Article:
On 20 June 1837, King William IV died in his sleep after a reign of seven years. His niece, the 18-year-old Princess Victoria, inherited the throne. Her accession marked the dawn of a new era in Britain’s history, which would come to represent industrial growth, scientific advances and vast imperial expansion.
On a personal level, Queen Victoria is remembered for her passionate relationship with her husband Prince Albert, the grief that engulfed her after his death, and her longevity, with a reign of over sixty-three years. However, had it not been for the infidelities of her grandfather George III’s offspring and the untimely death of her cousin Princess Charlotte, it is probable that Britain’s longest-reigning monarch (to date) may never have been born.
Born to be Queen
George III, commonly remembered as the ‘Mad King’, sired fifteen children, including nine sons, yet among their offspring was only one legitimate heir, Princess Charlotte. Charlotte was the daughter of George III’s oldest son, also called George, who would reign as the Prince Regent and later as King George IV. Charlotte was extremely popular with the British public and made a happy marriage with Prince Leopold of Saxe-Coburg-Saalfeld, but she died at a tragically young age following the birth of a stillborn son in 1817.
Edward, Duke of Kent, was the fourth son of George III. Charlotte’s unforeseen death forced him (along with his other brothers) to recognise the necessity of producing an heir, since none of them had any surviving legitimate children. In the spring of 1818 he therefore wed Princess Victoria of Saxe-Coburg-Saalfeld, sister of the recently bereaved Leopold. It was a harmonious match and on 24 May 1819 the new Duchess of Kent gave birth to a daughter, who was named Alexandrina Victoria. Edward is reported to have said of the infant, ‘look at her well, for she will be Queen of England’. Alas, he died when she was less than a year old, but he had done his duty and the succession was secure.
The Young Princess
The young Victoria had a somewhat solitary childhood, in no small part due to her mother’s wish to distance the princess from her paternal uncles. The influence of Sir John Conroy, who had been the Duke of Kent’s equerry and remained a close companion and advisor of the Duchess, was also paramount in shaping Victoria’s early life. The Kensington system was devised by Conroy and the Duchess to make the princess dependent on her mother, who would act as regent should the throne come to Victoria before she turned 18. Both Victoria’s routine of study and the company she kept were strictly regulated and she had little independence. Nevertheless, she excelled in her academic pursuits and was also a talented artist.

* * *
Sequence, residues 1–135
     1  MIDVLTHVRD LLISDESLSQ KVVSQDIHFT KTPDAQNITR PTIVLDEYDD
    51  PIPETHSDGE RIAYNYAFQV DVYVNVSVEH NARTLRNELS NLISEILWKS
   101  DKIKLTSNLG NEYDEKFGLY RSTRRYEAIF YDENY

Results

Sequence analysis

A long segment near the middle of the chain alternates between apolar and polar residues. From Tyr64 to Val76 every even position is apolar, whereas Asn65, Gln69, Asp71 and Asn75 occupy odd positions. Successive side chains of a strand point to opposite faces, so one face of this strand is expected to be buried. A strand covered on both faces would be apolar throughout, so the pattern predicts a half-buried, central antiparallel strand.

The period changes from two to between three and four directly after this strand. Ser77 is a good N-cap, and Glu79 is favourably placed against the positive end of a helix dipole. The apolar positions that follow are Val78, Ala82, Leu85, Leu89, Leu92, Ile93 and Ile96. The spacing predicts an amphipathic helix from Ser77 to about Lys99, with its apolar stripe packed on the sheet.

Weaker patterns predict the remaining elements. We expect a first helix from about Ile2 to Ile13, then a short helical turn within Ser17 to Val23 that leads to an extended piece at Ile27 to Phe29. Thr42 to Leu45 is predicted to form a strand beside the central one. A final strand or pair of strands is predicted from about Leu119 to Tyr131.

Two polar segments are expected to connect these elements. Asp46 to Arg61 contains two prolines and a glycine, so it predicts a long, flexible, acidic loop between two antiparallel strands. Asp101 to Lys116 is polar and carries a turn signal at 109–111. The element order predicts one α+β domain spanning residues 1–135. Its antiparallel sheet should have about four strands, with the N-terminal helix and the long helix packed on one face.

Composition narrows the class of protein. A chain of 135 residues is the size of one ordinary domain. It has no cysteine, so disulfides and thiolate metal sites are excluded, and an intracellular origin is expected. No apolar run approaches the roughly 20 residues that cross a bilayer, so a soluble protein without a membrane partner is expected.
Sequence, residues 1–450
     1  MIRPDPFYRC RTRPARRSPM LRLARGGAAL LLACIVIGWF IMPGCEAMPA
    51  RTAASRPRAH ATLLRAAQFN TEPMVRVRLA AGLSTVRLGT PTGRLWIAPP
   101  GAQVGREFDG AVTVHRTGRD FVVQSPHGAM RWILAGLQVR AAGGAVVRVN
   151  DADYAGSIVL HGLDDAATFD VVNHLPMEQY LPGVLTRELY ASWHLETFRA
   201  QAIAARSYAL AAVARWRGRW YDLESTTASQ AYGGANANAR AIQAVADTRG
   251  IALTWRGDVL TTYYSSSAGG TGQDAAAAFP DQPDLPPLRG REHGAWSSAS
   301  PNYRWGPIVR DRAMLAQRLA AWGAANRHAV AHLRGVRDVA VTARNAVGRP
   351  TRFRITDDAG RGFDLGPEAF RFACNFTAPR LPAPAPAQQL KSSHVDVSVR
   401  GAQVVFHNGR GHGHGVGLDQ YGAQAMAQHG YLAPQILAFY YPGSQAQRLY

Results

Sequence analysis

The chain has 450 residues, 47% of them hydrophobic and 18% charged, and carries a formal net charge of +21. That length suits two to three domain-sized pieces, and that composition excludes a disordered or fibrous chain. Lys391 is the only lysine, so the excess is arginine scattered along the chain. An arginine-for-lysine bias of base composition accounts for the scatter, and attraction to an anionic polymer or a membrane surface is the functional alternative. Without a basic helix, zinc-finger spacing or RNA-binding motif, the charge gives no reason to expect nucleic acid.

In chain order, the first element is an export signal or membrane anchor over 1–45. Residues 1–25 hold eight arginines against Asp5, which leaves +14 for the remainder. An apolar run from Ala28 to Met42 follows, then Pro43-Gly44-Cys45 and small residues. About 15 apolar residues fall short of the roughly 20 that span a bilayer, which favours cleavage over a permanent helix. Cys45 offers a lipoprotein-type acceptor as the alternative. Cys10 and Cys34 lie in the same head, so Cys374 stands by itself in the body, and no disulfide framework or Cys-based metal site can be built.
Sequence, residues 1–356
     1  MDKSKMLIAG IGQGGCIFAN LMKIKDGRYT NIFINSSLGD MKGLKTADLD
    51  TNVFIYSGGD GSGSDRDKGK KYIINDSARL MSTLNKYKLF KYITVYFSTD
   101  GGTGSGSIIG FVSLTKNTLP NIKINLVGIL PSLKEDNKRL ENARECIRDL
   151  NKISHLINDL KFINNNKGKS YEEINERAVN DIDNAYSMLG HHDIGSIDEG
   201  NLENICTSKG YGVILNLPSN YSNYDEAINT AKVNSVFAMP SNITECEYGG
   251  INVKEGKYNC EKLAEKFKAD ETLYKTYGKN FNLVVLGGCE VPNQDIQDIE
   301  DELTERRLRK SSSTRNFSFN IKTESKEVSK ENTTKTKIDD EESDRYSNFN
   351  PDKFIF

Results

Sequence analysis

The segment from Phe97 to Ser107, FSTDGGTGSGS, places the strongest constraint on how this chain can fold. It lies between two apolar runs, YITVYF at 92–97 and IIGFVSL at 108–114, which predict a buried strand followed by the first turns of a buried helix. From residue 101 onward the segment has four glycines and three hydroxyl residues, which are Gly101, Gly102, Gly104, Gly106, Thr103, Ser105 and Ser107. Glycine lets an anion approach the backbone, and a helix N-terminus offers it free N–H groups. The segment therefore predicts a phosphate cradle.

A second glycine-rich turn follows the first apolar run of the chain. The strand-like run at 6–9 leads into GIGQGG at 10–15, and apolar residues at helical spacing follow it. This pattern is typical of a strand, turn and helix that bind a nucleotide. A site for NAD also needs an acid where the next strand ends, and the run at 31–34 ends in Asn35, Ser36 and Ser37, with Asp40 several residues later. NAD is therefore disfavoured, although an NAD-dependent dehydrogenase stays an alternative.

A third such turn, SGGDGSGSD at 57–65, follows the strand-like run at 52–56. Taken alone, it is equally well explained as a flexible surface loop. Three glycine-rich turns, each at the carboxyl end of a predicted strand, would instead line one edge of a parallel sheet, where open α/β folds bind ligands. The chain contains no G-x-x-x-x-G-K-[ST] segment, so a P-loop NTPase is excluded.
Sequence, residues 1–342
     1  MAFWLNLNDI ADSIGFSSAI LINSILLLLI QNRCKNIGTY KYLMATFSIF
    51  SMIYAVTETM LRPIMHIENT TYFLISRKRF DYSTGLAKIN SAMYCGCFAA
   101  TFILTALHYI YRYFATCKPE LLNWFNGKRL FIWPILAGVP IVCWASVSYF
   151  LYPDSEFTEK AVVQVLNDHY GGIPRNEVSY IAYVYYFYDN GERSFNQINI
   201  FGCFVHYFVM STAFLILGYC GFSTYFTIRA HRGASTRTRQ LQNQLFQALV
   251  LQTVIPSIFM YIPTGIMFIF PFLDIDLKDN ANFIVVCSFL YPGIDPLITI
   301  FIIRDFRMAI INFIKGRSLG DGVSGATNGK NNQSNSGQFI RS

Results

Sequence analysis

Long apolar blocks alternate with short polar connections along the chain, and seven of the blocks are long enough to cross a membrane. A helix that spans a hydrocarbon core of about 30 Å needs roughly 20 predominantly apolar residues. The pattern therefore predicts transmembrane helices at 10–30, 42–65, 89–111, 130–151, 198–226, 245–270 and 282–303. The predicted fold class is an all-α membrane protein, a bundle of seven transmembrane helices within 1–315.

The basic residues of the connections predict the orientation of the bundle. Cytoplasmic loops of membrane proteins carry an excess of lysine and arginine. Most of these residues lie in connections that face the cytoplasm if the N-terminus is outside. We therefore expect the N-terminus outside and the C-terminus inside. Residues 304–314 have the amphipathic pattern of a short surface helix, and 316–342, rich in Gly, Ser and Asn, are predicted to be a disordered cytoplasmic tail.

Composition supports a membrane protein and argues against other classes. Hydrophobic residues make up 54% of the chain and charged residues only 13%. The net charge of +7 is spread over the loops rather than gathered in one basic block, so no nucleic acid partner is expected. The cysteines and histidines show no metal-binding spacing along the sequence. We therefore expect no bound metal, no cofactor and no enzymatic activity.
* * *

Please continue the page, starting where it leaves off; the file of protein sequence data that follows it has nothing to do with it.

George III died in 1820 and George IV ruled for ten years thereafter, after which the crown passed to another of Victoria’s uncles, William IV. It was around the time that William became King that Victoria was made aware of her place in the succession. Although fully conscious that she was mother to a future monarch, the Duchess of Kent persisted in limiting Victoria’s time at court and did little to endear herself to her late husband’s relatives. Conroy’s personal aspirations of power remained tangible, not least in the autumn of 1835 when he and the Duchess tried to force Victoria, who was severely ill at the time, to sign a document that would make Conroy her personal secretary and mean that she came of age at 21 instead of 18. Demonstrating immense strength of character, Victoria refused to sign.
It appears that William IV (pictured) had some sense of the schemes afoot, for at his birthday celebrations in 1836 he delivered a notorious speech, the gist of which was that he wished to survive another nine months so that a regency could be avoided and that he believed the Duchess of Kent was ‘surrounded by evil advisers’ and acting in an improper manner. It was an embarrassing interlude for both the Duchess and Victoria. The King’s wish that he should live beyond his niece’s 18th birthday was nonetheless realised – but only just. Victoria reached her majority on 24 May 1837. Within a month, William was dead. Victoria was woken early on the morning of his death and informed that she was now the Queen.
Although a mere 18-years-old, the new Queen dedicated herself fully to royal duties and generally impressed her ministers. A year after the death of William IV, on 28 June 1838, her coronation ceremony took place at Westminster Abbey. This lavish affair cost some £70,000 and was a cause for great public jubilation. A gun salute heralded the start of the proceedings at 4am and a firework display concluded coronation day. (Pictured: the coronation of Queen Victoria).
The Globe newspaper reported that ‘her Royal Highness was treated with very unequivocal demonstrations of attachment and respect’ by the masses who had turned out to watch the coronation procession through London en route to the Abbey. Indeed, Victoria was charmed by the positive public sentiment, writing in her journal:
‘It was a fine day, and the crowds of people exceeded what I have ever seen; many as there were the day I went to the City, it was nothing – nothing to the multitudes, the millions of my loyal subjects who were assembled in every spot to witness the Procession. Their good humour and excessive loyalty was beyond everything, and I really cannot say how proud I feel to be the Queen of such a Nation. I was alarmed at times for fear that the people would be crushed and squeezed on account of the tremendous rush and pressure.’
The British public, it seemed, wholly supported their new Queen. This good humour would fluctuate greatly over the next six decades, but it was a promising start to her reign. The sun had risen on the Victorian era and it would not set until the early 20th century.